With a particularly nasty cold and flu season still gripping much of the nation, many people are taking extra steps to avoid getting sick. For many cancer patients, such precautions aren’t merely a seasonal consideration, but a constant reality, because catching an infection is more than a minor inconvenience—it could have serious implications for their health and treatment schedule. Experts recommend that patients protect themselves by taking certain precautions, many of which may make for some socially awkward moments, like declining a handshake at a business meeting or wearing a mask at the grocery store. But there are ways to manage both your health and your social relationships, and it often starts with a healthy dose of information—like telling friends, co-workers and loved ones that you have to take pains to avoid illnesses, and why.
“ A cancer patient's infection-fighting capabilities are not the same as those of a normal individual. Infections in cancer patients are serious, and protecting yourself is critical.” - Mashiul Chowhury, MD - Chief of the Division of Infectious Disease at CTCA
Certain cancer treatments weaken patients’ immune system, making them more vulnerable than the average person to getting sick, whether it’s from contaminated food, germs spread through the air, or viruses on unclean surfaces. Practicing healthy hand hygiene is the first step in protecting yourself, because many infections are spread by touching dirty surfaces, Dr. Chowdhury says. See other tips below for protecting yourself during common social scenarios:
In their day-to-day lives, cancer patients are often in public places, touching tables, chairs, doors and doorknobs contaminated with other people’s germs. “That’s why cancer patients need to be very careful about what they do each day,” Dr. Chowdhury says. “It’s very easy to catch germs in public areas.”
He advises patients to avoid crowded places, like malls, grocery stores, airports, public swimming pools and restrooms, if possible. If you must go out in public, wash your hands often and use hand sanitizer if you don’t have a sink nearby. Dr. Chowdhury also recommends wearing a mask to protect yourself from airborne bacteria.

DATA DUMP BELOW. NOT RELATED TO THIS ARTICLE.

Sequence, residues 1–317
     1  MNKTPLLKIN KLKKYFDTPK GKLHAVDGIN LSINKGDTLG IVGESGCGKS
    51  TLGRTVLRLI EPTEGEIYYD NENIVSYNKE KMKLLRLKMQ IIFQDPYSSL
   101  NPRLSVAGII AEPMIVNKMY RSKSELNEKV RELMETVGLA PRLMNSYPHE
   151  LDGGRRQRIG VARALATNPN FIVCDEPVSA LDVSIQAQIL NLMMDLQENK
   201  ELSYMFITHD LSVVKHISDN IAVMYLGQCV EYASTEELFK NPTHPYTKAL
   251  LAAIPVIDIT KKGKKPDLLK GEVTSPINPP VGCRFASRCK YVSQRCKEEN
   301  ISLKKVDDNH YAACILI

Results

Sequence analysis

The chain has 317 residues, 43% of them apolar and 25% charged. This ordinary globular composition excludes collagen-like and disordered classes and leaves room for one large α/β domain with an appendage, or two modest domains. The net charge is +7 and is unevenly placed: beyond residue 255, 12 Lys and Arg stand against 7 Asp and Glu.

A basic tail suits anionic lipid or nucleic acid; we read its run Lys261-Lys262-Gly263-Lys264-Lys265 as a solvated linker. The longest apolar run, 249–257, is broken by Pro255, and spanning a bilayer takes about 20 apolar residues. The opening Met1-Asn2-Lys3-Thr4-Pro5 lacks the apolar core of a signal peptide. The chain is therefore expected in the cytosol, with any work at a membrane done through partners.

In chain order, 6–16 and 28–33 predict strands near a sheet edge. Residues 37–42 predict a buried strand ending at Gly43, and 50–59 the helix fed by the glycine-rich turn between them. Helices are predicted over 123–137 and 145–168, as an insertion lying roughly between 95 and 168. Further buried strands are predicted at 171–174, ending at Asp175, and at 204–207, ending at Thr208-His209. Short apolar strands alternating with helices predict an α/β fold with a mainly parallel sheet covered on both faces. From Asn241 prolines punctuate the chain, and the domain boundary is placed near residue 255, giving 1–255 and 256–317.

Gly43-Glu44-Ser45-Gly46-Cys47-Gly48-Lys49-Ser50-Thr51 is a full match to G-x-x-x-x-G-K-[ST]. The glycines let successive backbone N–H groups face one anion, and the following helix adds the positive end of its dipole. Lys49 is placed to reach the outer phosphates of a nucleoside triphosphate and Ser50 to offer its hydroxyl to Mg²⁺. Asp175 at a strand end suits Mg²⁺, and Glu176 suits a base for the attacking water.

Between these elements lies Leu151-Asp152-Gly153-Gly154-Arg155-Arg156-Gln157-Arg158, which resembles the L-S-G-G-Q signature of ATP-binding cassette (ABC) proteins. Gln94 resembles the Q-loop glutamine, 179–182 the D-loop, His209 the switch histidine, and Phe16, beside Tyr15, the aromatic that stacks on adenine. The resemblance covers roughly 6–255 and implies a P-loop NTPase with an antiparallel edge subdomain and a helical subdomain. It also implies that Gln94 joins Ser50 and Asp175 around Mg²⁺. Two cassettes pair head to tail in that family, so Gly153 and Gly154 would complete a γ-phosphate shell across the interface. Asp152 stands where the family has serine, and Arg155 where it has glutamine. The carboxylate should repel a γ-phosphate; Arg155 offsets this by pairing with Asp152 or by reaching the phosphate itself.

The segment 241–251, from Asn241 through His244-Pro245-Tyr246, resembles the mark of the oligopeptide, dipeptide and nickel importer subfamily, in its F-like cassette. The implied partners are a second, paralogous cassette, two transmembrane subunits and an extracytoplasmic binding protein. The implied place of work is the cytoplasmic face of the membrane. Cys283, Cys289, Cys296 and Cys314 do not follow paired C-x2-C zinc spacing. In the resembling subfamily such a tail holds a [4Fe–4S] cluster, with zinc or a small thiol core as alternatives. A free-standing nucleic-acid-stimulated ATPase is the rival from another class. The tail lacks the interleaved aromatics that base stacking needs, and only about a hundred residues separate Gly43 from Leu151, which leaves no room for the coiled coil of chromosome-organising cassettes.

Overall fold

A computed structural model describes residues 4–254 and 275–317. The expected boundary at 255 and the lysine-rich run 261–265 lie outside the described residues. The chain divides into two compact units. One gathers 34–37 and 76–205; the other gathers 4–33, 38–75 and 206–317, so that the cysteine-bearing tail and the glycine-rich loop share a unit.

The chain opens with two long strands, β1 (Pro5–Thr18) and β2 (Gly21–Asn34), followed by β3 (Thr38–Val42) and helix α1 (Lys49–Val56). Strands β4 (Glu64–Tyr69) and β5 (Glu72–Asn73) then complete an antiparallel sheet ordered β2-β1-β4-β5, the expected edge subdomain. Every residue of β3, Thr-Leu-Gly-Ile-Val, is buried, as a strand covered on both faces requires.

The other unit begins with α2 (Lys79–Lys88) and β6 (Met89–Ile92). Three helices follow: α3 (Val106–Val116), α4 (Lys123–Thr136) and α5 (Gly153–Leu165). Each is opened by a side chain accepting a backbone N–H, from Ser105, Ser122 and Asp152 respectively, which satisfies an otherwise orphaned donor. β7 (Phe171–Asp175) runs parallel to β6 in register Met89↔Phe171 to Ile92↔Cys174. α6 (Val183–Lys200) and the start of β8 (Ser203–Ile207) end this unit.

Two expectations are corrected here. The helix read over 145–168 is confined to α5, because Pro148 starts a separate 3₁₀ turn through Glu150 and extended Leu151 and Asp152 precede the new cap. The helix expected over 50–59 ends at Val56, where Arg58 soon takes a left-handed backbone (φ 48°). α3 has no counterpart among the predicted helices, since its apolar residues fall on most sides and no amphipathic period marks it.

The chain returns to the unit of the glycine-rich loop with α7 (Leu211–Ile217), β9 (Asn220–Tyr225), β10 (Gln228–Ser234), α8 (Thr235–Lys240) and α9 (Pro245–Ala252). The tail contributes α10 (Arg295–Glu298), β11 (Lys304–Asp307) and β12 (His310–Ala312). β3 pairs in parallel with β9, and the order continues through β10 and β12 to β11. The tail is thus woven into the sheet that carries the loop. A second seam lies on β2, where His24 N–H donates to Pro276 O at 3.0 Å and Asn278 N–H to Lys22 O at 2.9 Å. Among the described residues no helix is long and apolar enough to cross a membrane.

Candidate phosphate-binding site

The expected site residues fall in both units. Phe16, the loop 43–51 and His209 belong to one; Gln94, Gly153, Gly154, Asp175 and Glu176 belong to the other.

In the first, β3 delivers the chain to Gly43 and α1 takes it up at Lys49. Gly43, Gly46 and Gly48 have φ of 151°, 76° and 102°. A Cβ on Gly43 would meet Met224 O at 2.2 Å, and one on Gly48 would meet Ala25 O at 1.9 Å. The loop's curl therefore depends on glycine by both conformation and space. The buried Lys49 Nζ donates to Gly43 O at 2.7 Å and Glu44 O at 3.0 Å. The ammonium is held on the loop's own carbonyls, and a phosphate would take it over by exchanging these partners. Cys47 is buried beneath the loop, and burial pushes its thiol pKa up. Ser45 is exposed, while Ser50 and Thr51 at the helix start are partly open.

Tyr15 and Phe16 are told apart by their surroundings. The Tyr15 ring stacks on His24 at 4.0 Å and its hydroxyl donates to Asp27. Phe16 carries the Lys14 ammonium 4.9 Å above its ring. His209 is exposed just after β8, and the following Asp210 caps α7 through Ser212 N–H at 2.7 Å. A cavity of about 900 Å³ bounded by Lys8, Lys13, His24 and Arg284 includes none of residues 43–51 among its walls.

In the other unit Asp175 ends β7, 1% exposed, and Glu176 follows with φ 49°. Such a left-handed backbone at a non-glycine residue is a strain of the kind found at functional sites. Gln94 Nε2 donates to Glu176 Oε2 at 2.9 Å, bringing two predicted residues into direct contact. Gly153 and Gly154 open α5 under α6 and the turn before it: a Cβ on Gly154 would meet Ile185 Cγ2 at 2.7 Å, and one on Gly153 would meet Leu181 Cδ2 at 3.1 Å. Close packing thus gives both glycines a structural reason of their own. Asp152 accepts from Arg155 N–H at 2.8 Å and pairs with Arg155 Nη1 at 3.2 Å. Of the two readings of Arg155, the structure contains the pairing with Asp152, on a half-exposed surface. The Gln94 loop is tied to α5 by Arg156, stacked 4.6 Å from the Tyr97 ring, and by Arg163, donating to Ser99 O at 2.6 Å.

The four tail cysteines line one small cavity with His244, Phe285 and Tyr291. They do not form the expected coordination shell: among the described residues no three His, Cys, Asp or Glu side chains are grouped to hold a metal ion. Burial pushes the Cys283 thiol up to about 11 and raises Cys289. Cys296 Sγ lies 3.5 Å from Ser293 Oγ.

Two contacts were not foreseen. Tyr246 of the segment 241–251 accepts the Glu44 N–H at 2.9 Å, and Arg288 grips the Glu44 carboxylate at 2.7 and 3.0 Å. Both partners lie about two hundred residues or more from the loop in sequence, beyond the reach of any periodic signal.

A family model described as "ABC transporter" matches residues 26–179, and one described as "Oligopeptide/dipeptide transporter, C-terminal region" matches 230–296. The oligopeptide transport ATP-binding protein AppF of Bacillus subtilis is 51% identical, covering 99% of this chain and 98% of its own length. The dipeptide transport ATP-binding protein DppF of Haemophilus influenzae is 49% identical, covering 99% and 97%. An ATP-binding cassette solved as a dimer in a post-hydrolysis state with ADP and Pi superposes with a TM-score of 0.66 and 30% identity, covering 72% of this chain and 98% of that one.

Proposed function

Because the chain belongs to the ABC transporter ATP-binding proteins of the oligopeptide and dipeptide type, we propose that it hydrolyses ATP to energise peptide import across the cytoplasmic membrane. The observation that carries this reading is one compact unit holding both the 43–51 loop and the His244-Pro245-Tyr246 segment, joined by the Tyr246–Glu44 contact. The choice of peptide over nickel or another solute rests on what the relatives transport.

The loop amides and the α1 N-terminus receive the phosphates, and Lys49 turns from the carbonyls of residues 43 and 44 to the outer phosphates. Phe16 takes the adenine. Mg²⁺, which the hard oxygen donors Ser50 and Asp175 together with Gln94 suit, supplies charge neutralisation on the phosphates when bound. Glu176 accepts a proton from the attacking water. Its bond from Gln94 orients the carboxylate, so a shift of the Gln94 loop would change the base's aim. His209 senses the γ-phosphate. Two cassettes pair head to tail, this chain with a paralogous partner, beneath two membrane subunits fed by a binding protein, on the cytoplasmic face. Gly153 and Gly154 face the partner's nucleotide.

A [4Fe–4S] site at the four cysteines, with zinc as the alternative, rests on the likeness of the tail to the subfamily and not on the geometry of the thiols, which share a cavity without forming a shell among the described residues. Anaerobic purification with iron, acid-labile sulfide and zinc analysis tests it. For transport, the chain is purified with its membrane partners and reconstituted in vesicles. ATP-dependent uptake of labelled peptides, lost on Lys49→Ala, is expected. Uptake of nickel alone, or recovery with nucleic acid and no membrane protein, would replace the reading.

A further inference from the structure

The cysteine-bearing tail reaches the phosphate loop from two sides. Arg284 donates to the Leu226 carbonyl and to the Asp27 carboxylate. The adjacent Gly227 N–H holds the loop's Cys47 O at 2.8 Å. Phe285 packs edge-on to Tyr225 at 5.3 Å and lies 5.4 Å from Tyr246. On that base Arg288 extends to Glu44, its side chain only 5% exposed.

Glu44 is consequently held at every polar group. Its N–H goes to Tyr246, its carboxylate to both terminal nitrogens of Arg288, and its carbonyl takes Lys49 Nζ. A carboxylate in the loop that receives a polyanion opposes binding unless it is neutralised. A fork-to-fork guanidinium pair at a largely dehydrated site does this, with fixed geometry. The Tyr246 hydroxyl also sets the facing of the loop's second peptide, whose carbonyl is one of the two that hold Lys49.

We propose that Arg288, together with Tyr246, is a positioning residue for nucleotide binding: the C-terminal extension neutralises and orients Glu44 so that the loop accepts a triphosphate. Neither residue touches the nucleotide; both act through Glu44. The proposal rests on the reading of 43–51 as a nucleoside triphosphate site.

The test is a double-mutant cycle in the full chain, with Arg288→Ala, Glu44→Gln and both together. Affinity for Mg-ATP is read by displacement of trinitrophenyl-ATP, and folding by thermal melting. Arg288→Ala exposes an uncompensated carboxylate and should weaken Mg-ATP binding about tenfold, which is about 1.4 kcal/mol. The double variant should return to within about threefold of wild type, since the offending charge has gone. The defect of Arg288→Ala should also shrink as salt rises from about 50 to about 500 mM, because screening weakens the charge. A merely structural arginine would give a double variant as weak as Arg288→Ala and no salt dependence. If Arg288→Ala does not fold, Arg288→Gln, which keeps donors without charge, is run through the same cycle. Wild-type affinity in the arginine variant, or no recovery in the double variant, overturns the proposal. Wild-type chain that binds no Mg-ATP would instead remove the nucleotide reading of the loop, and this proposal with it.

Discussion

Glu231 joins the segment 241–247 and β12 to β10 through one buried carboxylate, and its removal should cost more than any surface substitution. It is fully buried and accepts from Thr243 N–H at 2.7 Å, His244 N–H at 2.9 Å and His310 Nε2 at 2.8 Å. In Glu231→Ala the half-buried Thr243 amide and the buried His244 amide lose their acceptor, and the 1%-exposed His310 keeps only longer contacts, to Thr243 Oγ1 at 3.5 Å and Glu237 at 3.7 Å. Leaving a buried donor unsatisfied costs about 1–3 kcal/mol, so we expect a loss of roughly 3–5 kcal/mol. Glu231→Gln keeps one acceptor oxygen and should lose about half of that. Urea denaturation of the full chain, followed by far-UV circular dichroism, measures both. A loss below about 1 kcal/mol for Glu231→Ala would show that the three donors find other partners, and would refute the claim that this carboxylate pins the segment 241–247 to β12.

When you have cancer, you may need to take time off work for appointments and treatments, so it’s often necessary to tell a supervisor or someone in human resources that you’re undergoing medical treatment. But it’s up to you whether and how much you choose to tell your co-workers or employer about your diagnosis. If you do decide to open up, you have options, such as sharing your news in an e-mail, during a meeting or one-on-one.
Also, be deliberate about protecting yourself at the office. Consider bringing hand sanitizer with you to meetings, and avoid co-workers who exhibit signs that they may be coming down with a bug. Telling those at work about your diagnosis may help open up those lines of communication, letting co-workers know they should take certain precautions, like staying home when they’re sick, to avoid spreading germs.
AT YOUR PLACE OF WORSHIP
Because many religious settings are social in nature—involving, say, hugging, shaking hands or standing close to fellow parishioners—cancer patients may struggle with whether they should attend services. But Rev. Percy McCray, Director of Faith-Based Programs at Cancer Treatment Centers of America® (CTCA), cautions patients not to let cancer get in the way of their faith. Because avoiding illnesses is of paramount importance, each patient should decide what makes the most sense for his or her situation. “There are emotional and physical aspects to each individual’s decision,” he says. “Some people may feel more comfortable not attending social worship. Others may feel comfortable only if they wear a mask and explain to those around them that they have cancer. Still others may prefer to not share that personal information at all and simply refrain from contact with others.”
If you feel more comfortable avoiding social worship, consider asking members of the congregation to pray for you in your absence, or the leader of the congregation to visit you at home or at the hospital so you may still feel connected to your faith during treatment.
AT A FRIEND'S HOUSE
After a cancer diagnosis, many patients make a conscious decision about whether to tell more casual acquaintances at social gatherings about their diagnosis. Whether you choose to share your diagnosis or not, consider bringing your own dish to parties and other food-based outings, says Carolyn Lammersfeld, Vice President of Integrative Medicine at CTCA®. That’s important, not only because you may have to follow a certain diet, but also because it may be the only way to know that the food has been safely prepared and kept at appropriate temperatures, which is important in preventing food-borne illnesses. “Especially during this time of year, when the flu and colds are rampant, it’s critical to protect yourself as much as possible from illnesses that could derail your treatment,” Lammersfeld says.
It’s also important to make sure you and your loved ones get the flu shot, and, if anyone close to you does come down with the flu, to keep your distance. In cancer patients, the flu can quickly become severe, Dr. Chowdhury says. If you are exposed to the flu during treatment, ask your doctor whether you should take an antiviral medication to reduce your risk of getting sick.